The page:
The Electronic Frontier Foundation has published an open later urging Sony to consider a product recall of CDs shipped with the controversial XCP copyright protection software that secretly installs a cloaking utility on computers.

The move is the latest in what has developed over the week regarding Sony's move to include anti-piracy technology that prevents Windows users from making copies or loading the CD's songs onto an Apple iPod digital music player.

Last week Microsoft announced that it was regarding the software as spyware following the news that hackers had exploiting the ability of the anti-piracy technology to avoid detection and has since offered users tools to remove it.

After nearly 2 weeks of consumer backlash, however, Sony announced on Friday that it would temporarily suspend production of XCP-enabled CDs.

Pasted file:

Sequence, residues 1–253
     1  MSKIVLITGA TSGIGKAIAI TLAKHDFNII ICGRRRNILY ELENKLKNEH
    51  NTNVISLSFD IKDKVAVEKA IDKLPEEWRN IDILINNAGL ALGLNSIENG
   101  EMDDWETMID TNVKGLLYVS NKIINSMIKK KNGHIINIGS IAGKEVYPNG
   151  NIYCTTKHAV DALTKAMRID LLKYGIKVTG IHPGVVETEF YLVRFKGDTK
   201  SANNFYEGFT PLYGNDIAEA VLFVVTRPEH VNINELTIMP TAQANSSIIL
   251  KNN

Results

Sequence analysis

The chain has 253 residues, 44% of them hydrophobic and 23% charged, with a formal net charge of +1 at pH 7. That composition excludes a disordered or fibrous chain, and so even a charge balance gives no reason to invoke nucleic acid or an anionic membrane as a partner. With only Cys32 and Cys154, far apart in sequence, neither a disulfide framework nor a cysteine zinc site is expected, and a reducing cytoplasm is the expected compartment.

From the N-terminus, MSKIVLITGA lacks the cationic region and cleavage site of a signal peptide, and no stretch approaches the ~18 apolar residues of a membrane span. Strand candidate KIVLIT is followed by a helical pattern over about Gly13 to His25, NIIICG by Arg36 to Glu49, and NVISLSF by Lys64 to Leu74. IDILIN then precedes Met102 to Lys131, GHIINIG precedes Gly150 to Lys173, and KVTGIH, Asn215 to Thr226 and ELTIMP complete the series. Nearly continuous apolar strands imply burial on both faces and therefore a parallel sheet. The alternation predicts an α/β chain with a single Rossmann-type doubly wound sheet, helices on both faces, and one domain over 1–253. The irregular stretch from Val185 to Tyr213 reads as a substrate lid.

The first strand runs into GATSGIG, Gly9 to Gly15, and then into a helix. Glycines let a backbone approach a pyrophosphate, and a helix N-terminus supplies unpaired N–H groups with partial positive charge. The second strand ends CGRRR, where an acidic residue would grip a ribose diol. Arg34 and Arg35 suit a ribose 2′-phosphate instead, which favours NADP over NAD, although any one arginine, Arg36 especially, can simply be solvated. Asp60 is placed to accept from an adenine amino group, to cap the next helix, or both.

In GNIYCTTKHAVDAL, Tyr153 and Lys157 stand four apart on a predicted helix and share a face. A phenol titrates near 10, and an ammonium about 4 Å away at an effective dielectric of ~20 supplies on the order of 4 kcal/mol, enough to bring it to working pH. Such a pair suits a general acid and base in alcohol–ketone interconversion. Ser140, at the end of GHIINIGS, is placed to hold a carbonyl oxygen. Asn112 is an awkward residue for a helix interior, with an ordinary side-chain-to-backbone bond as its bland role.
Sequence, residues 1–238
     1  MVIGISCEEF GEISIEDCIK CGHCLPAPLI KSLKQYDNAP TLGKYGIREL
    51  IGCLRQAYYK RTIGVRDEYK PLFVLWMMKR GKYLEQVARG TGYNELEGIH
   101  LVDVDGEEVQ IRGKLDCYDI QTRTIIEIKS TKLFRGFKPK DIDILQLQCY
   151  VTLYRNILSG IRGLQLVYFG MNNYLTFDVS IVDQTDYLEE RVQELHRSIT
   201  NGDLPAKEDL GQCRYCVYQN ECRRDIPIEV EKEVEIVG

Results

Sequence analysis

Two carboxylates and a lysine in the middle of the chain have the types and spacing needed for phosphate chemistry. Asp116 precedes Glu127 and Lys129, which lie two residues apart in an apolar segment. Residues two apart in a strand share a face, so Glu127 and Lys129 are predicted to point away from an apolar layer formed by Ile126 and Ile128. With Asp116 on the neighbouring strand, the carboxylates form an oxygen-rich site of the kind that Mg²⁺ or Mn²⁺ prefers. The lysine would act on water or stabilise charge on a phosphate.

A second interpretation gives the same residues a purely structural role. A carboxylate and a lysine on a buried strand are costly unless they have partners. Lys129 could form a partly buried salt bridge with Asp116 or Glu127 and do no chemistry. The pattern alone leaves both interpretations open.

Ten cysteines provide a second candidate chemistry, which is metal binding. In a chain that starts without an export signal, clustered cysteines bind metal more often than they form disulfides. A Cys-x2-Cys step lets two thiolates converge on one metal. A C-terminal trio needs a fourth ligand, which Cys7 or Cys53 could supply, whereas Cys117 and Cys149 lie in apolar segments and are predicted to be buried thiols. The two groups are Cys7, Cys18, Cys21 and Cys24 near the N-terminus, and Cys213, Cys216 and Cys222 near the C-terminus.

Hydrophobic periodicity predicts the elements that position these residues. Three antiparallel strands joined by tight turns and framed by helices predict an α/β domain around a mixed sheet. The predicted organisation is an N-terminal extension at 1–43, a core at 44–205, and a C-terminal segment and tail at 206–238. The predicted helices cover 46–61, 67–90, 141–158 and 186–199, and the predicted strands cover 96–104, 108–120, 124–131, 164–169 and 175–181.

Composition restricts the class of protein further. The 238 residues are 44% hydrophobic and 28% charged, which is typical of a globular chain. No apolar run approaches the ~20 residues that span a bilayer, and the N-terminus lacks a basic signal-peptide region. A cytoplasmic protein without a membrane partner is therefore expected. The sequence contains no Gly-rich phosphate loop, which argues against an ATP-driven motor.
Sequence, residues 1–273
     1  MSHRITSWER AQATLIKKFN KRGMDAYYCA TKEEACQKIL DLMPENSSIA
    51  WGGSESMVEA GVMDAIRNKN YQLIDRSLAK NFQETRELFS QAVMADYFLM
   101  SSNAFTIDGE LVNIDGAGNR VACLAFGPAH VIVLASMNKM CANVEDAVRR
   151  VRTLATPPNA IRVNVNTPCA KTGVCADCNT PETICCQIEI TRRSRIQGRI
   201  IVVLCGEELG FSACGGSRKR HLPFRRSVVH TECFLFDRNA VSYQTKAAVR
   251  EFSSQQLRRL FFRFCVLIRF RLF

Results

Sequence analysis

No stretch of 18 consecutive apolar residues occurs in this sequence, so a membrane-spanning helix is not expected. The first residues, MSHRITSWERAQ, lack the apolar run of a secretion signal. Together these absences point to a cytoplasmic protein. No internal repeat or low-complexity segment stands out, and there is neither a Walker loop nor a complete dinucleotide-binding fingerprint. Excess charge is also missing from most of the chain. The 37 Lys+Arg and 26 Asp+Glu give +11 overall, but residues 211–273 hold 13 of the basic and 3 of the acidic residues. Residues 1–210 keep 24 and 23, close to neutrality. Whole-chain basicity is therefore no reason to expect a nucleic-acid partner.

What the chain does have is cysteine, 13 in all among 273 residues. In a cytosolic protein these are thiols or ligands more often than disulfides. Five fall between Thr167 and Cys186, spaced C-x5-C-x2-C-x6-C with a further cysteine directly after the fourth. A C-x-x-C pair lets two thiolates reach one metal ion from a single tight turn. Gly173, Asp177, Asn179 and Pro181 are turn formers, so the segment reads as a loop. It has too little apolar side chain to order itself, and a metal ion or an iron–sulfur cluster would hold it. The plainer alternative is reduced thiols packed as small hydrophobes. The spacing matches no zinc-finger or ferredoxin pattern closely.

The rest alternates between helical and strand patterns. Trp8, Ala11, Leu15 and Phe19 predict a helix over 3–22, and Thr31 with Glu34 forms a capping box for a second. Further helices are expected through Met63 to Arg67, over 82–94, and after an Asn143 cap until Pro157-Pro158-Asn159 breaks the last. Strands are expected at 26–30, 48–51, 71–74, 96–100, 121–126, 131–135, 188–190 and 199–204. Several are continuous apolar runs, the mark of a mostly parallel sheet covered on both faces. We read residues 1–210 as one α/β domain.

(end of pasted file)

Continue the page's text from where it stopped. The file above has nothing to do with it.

In the letter addressed to Andrew Lack, CEO of Sony-BMG, Rolf Schmidt-Holtz, Chairman of the Board, Sony-BMG, Howard Stringer, CEO of Sony Entertainment, and Gunter Thielen, CEO of Bertelsmann AG the Electronic Frontier Foundation argues that:

“It was written with the intent of concealing its presence and operation from the owner of the computer, and once installed, elements of the software run continuously - even when no Sony-BMG music CD is in use. It provides no clear uninstallation option. Additionally, without notifying users, the software appears to contact a remote machine under your control”.

The letter goes on to say:

“You must be aware that the discovery of this software has shocked and angered your customers. Software that deceives the owner of the computer it runs upon and opens that computer up to attacks by third parties may be expected to come from malicious cyber-attacks; it is certainly not expected nor acceptable to be distributed and sold to paying customers by a major music company".

The letter finally praises Sony for halting production by insists that users must be informed of what the software is capable of in the future:

“Accordingly, EFF welcomes your company's decision to temporarily halt manufacturing CDs with XCP and to reexamine 'all aspects' of your 'content protection initiative'".

The full letter can be read at

www.eff.org